Aunt Flo gets a free ride

Photo by Rebekah Thompson

Story and photos by Rebekah Thompson

 First it was the dinosaurs, then went the payphones — thanks to the Associated Student Government, we say can now say farewell to bathroom hygiene vending receptacles. 

Brandon Orick, the ASG Vice President, said that last spring the ASG decided to use their funding to start a new program which is now dubbed the “Hygiene Project.” 

The Hygiene Project allows for an estimate of $1,000 per year to be used solely for the purchase of sanitary napkins and tampons, which are available to all Clackamas Community College students free of charge. 

The project was inspired by several other similar programs in both Oregon and New York; according to Oregonlive.com, Oregon prisons became one of the few to offer free tampons to inmates in 2018. In New York State, Governor Andrew Cuomo passed legislation that went into effect July 1, 2018, which required school districts to provide free hygiene products in restrooms. 

The Hygiene Project supports students who may have issues with affording care products due to their high cost; these necessities, which are taxed in all but 12 states (including Oregon,) can be quite spendy for students. A 30-count box of cotton cowboys could cost anywhere from $7 to $12, and a box of maxi-surfboards costs just about the same.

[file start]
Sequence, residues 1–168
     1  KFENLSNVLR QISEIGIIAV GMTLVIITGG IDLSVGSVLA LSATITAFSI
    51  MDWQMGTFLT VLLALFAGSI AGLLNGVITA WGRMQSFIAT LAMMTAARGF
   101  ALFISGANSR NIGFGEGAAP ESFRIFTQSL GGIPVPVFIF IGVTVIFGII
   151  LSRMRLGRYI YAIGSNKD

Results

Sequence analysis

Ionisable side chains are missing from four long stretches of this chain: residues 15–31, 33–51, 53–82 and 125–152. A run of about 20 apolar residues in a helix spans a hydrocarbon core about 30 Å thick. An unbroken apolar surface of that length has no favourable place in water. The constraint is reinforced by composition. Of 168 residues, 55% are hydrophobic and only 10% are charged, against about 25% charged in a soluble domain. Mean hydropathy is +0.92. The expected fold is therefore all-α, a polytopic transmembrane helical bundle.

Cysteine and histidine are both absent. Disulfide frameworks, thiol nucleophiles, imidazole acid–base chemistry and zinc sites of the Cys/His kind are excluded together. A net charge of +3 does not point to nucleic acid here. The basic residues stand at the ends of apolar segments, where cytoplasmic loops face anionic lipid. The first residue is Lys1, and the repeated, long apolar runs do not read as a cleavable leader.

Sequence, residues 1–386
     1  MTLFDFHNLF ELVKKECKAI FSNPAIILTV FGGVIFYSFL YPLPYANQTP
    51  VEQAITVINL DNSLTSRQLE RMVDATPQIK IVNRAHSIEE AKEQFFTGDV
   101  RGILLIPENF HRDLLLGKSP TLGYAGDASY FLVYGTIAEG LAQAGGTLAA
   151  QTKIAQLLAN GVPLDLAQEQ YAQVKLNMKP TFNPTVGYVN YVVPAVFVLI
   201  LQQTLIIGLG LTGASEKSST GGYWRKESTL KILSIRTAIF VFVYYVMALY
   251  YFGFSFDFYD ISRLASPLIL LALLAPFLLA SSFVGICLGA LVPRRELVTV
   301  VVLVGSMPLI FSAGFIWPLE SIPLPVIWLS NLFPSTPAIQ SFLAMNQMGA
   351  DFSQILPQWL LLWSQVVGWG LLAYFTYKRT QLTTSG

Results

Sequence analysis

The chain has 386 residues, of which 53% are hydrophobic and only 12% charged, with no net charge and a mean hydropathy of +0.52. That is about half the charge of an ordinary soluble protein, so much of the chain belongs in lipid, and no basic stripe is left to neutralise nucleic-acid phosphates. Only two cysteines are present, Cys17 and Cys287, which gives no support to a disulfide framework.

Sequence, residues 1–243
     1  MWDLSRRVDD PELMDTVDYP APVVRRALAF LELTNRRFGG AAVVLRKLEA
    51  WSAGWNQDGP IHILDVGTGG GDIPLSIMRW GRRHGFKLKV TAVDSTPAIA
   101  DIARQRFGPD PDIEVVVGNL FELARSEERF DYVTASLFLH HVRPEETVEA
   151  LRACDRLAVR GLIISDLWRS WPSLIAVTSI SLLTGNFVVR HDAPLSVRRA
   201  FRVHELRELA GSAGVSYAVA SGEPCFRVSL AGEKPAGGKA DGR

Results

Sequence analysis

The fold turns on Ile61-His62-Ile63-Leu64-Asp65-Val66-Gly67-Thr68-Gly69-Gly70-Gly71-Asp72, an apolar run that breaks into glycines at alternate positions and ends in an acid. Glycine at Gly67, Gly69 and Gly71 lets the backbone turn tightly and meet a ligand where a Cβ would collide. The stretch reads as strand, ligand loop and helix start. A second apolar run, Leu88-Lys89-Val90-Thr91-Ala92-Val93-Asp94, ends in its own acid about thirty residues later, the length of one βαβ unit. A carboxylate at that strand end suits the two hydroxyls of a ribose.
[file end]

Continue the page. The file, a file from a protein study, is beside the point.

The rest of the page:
Not only is the cost an issue, but it’s also about convenience. In the world of debit cards and Apple Pay, not many students walk around carrying the exact change that is usually required to purchase hygiene products from a vending machine. 

“I think it’s cool that for once girls don’t have to pay for stuff, considering products are normally super spendy,” said Rylee Salvey. 

Any student can identify with how frustrating it can be to have to borrow a pen from a fellow student — imagine the frustration that was once felt while going around asking others for a tampon or a spare quarter. 

Alexandra De La Torre, who serves as the Clubs Chair for the ASG, has the job of restocking the baskets in the Community Center, Dejardin, and Pauling buildings. De La Torre counts every basket and keeps track of how many items were used and restocked. These measures are taken to observe the effectiveness of the program, which appears to be successful thus far.

The program, which started out as the “Feminine Hygiene Project” dropped the word “feminine” to be more inclusive to nonbinary students, is expected to be ongoing. The responses to the project have been very positive from CCC students and staff alike:

“I saw them in the bathroom early this term and it was the first time I had seen the bins actually full. I was happy to see them they definitely come in handy,” said Olivia Jaynes.

Olivia Lynch contributed to this story.